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The New Why Teams Don't Work: What Goes Wrong and How to Make It Right Paperback – January 15, 2000

ISBN-13: 978-1576751107 ISBN-10: 1576751104 Edition: 2nd

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Product Details

  • Paperback: 271 pages
  • Publisher: Berrett-Koehler Publishers; 2nd edition (January 15, 2000)
  • Language: English
  • ISBN-10: 1576751104
  • ISBN-13: 978-1576751107
  • Product Dimensions: 9.1 x 6.3 x 0.7 inches
  • Shipping Weight: 12.8 ounces (View shipping rates and policies)
  • Average Customer Review: 4.4 out of 5 stars  See all reviews (21 customer reviews)
  • Amazon Best Sellers Rank: #1,190,034 in Books (See Top 100 in Books)

Editorial Reviews

From the Publisher

"Why Teams Dont Work is that rarest of beasts: a book of truths."Jim Kane, Amazon.com

"Finley and Robbins set us on a compelling journey to teams success by helping us see and embrace the secrets we often hide from ourselves and our teammates." Richard J. Leider, author of The Power of Purpose and coauthor of Repacking Your Bags

"This is an immensely helpful book. Finley and Robbins show that the secret of great teams isnt found in buzzwords or gimmicks, but in bringing out the best in every individual. Their suggestions are compassionate, yet tough-minded and practical."Robert K. Cooper, Ph.D., author of The Performance Edge and Executive EQ

"Robbins and Finley are provocative writers the read is fast, funny, and highly stimulating."Business Book Review

About the Author

Harvey Robbins, president of Robbins & Robbins, has been a practicing business psychologist since 1974, training and coaching teams to improve performance. His clients have included American Express, AT&T, Allied Signal, General Dynamics, 3M, Johnson & Johnson, and the IRS, among many others. He is author of Turf Wars and How to Speak and Listen Effectively.

Michael Finley has authored over a dozen books, including award-winning collaborations with Harvey Robbins that include Transcompetition, Why Teams Dont Work, and Why Change Doesnt Work. "Future Shoes," his weekly syndicated column on modern life, appears in newspapers and trade magazines throughout the country, as well as in online editions.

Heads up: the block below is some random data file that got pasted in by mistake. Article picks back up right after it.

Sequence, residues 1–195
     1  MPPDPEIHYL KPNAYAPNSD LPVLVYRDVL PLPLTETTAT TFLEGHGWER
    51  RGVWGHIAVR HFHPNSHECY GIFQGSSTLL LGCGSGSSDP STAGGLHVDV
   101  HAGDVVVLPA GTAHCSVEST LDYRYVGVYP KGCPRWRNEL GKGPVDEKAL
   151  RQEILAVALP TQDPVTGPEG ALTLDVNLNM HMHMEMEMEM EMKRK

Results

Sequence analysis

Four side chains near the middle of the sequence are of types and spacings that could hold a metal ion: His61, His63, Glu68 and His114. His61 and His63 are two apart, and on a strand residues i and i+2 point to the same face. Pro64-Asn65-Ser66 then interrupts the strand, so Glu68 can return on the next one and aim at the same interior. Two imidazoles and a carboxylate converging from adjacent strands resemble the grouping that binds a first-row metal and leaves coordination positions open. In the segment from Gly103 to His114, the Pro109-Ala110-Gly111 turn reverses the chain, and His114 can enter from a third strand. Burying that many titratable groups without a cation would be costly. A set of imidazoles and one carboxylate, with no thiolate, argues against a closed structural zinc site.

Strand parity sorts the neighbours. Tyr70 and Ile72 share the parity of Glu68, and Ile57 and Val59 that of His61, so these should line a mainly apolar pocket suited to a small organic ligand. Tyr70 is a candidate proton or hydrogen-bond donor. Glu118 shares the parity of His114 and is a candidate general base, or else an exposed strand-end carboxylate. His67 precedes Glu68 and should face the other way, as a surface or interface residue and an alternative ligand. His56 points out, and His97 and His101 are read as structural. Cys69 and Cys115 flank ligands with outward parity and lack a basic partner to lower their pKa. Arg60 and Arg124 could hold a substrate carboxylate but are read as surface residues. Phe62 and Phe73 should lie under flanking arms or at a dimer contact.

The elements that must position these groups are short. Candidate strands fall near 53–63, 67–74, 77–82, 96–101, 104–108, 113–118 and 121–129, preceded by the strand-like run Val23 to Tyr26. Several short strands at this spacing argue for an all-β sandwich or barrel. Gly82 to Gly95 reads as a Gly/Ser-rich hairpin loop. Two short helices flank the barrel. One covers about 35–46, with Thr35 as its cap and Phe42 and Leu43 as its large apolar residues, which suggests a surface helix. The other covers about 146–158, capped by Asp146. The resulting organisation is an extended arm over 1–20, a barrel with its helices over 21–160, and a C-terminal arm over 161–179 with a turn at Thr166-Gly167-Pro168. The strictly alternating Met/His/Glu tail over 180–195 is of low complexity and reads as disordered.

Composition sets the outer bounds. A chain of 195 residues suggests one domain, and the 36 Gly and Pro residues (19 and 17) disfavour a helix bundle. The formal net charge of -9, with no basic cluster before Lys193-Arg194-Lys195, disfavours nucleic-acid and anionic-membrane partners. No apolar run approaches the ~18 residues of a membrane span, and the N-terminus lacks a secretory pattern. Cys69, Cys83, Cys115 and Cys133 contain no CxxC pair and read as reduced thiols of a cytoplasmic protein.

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Customer Reviews

Using this book for a graduate class on Leadership Training and Development.
damatt
The book was very easy to read because it was so well written and they succeeded in making it a fun read as well.
Christian John Keller
I have reviewed all 31 chapters of psycho-babble in the book (and the epilogue too).
M. Frankl

Most Helpful Customer Reviews

10 of 12 people found the following review helpful By Steve Long, Ph.D. on January 27, 2001
Format: Paperback
I was first introduced to Robbins & Finley, when I purchased a copy of the audiotape version of the original Why Teams Don't Work a couple of years ago (the book itself was out of print at the time). Like many others, I found the title compelling. Among the endless list of books touting teams as the pancea for all organizational problems, here was a book that provided a fresh, honest look at teams and their all-too-human members.
For those who have never been exposed to the original book, you are in for a real treat! In this new version, Robbins & Finley present the real-life lessons of teamwork that most of us have learned the hard way with all the wit and social satire of a Mark Twain novel. For those that have experienced the original book, you will find all of the wit and wisdom of the original plus some delightful new insights into human behavior in teams. The section on team myths alone is worth purchasing the new book.
I highly recommend the book to team members everywhere who struggle in the trenches to get their teams on track while juggling the performance demands of today's fast moving organizations. As Robbins and Finley point out, teams are a natural vehicle for human accomplishment but effective teams don't happen by accident. Or, as Forrest Gump might say, "Bubba told me a lot about teamwork, but you know what I learned, teamwork is hard."
The book may not turn your current team around, but it will certainly give you the insight to understand what went wrong and how to make it right next time.
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3 of 3 people found the following review helpful By Amazon Customer on February 20, 2006
Format: Paperback